Ricoh calls the Aficio C250DN a ‘compact’ colour laser printer but it’s still not exactly a small object. Weighing 29kg including consumables it’s also pretty heavy. This is not a unit you slip under a table and just forget. How a Japanese company better known for its stellar but expensive digital cameras and business photocopiers can make a printer this imposing and then charge only £80 (at eBuyer) is, frankly, either astonishing or downright suspicious.
The low price might make it sound like a steal for a domestic user fed up with living in the world of monochrome laser printing but the Aficio (we have no idea what that word means either) is really a departmental or home office business printer for silly money. The specs underline this with 20 pages-per-minute print speed with first page out in 14 seconds, an A4 2400 x 600dpi resolution and an Ethernet port to back up printing via USB and Wi-Fi. It would be ideal for anyone printing up to 1,500 pages of colour per month.
The consumables are pricey, although in fairness this is an inherent problem with all colour printers, which need four CMYK toner cartridges to a black and white’s one. The black costs £41.49 including vat for 2,000-pages life expectancy, while the cyan, magenta and yellow cost £56.99 including VAT for 1,600 pages. It is the economics of toner cartridges that explains the low price of this and many other colour printers appearing on the market right now. The maker sells the hardware at a loss and eventually makes money on the consumables.
Ricoh quotes a mono cost of 2 pence per page and a colour cost of 12.6 pence. These are fairly standard but the colour cartridges are a bit stingy at only 1,600 pages and they will also have to bought soon after first purchasing the printer because the factory cartridges run for only 1,000 pages each.
Remember, there’s no point in printing colour with one cartridge depleted. Take any one of the CMYK out of operation and any prints coming out of the machine won’t be worth looking at to anyone who has had fewer than five pints of beer in the previous half hour. That doesn’t mean that the Aficio is only a colour printer; it can be used as a conventional monochrome text printer most of the time receiving occasional colour jobs from time to time.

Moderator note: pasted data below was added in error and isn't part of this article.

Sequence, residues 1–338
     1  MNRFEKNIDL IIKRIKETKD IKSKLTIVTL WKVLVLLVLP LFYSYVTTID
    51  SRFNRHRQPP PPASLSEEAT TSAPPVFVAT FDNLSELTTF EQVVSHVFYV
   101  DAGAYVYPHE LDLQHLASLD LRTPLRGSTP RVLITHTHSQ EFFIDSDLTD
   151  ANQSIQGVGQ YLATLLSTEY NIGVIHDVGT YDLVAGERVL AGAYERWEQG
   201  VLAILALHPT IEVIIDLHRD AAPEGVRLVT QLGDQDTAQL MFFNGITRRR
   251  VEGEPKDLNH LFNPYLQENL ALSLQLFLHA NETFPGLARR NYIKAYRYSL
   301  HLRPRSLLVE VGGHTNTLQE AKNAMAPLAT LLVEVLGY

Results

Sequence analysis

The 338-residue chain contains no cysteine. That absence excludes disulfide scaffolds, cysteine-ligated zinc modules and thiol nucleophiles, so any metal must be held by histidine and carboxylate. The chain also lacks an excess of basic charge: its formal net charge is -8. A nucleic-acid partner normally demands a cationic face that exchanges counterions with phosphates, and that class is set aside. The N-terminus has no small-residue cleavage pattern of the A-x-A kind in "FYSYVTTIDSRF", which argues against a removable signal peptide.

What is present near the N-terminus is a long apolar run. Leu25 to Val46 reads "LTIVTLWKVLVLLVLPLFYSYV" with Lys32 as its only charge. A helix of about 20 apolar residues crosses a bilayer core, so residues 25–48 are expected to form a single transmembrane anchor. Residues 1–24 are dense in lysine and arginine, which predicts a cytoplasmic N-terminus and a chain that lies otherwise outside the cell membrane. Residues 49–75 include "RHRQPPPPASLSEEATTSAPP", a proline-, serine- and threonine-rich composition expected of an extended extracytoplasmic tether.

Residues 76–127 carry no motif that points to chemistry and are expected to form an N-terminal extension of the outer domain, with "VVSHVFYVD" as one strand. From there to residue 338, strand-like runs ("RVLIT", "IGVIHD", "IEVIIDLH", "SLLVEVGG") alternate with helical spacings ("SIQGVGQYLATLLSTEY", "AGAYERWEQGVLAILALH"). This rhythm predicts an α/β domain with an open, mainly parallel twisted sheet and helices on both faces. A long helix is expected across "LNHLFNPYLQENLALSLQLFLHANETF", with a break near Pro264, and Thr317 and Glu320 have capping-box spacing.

Ricoh Aficio C250DN – why a laser?
A deeper question is why buy a colour laser instead of an inkjet for low volumes. The answer is really speed, something lasers excel at. No inkjet will be able to print a colour image at the same speed as producing a text page but in theory a laser can, which in this case is up to 20 pages per minute. For one-off jobs that matters not but print out the same page of pie charts for 20 people and the time-saving advantage will be obvious.
Configuring the printer requires an Ethernet connection initially after which settings such as 802.11n Wi-Fi access are configured through an internal web panel. The whole process took minutes with the only small issue being the need to make sure that the A4 lever had been physically selected inside the machine from its default ‘envelope’ setting. Unlike some printers that come with huge installations, the Windows driver installs itself in less than a minute. Changing the drum (front cover) and each of the CMYK toner cartridges (top cover) also takes seconds.
Performance is sprightly, achieving close to the claimed speeds for page-per-minute text output. Full-page A4 graphics were also fast, appearing in under a minute for even sizable files. The memory is only 128MB coupled to a 350MHz Intel processor but this seems to be sufficient to drive out pages from a Windows PC that will feed print jobs to the machine from its cache. That’s a sign of good drivers, which run to Postscript as well as PCL5c and PCL6.
We didn’t formally test print speed or image and text quality because making judgements requires a reference point we lack. But the output was pleasing. Power consumption under load is stated as 80 watts (rated 1,300 watts maximum) which drops back to 3.8 watts in standby.
Ricoh Aficio C250DN – drawbacks
One issue with this printer is that it doesn’t support Google’s Cloudprint, a cloud-based printing system supporting the company’s Chromebooks. This won’t be an issue for some small offices but it might be for others and is a shame. Driver support is for Windows and OS X only with Unix/Linux supported through Postscript. Cloudprint is supported by some of Ricoh’s other Aficio models.
For smartphones and tablets, Ricoh offers the Android and iOS Smart Device Print & Scan Scan app.
Pro: Ruggedly built; speedy; low capital cost; 2-year guarantee
Con: Watch out for cartridge costs
This is an exceptionally well thought-our printer that unlike some better-known brands puts the emphasis on simplicity and performance. With its 250-page A4 print capacity (and double-sided printing), it would function well as a home office or small office printer for modest print volumes, including text documents with some colour output. Despite its cheap offer price at eBuyer, it even comes with an Ethernet port as well as Wi-Fi, pretty much unique for a printer under the £100 mark.
The rub is the cost of consumables relative to the capacity on offer. Most laser printers for pro use will come with cartridges offering a claimed 2,500 pages but Ricoh’s stretch only to 1,600. If colour is a requirement, it is important to take into account annual running costs. Given the high quality of today’s printers, this, it could be argued, is the real point of differentiation. Clone cartridges will cut the cost somewhat but from our experience might lower the quality and consistency of the output.
Published at Fri, 04 Dec 2015 10:02:00 +0000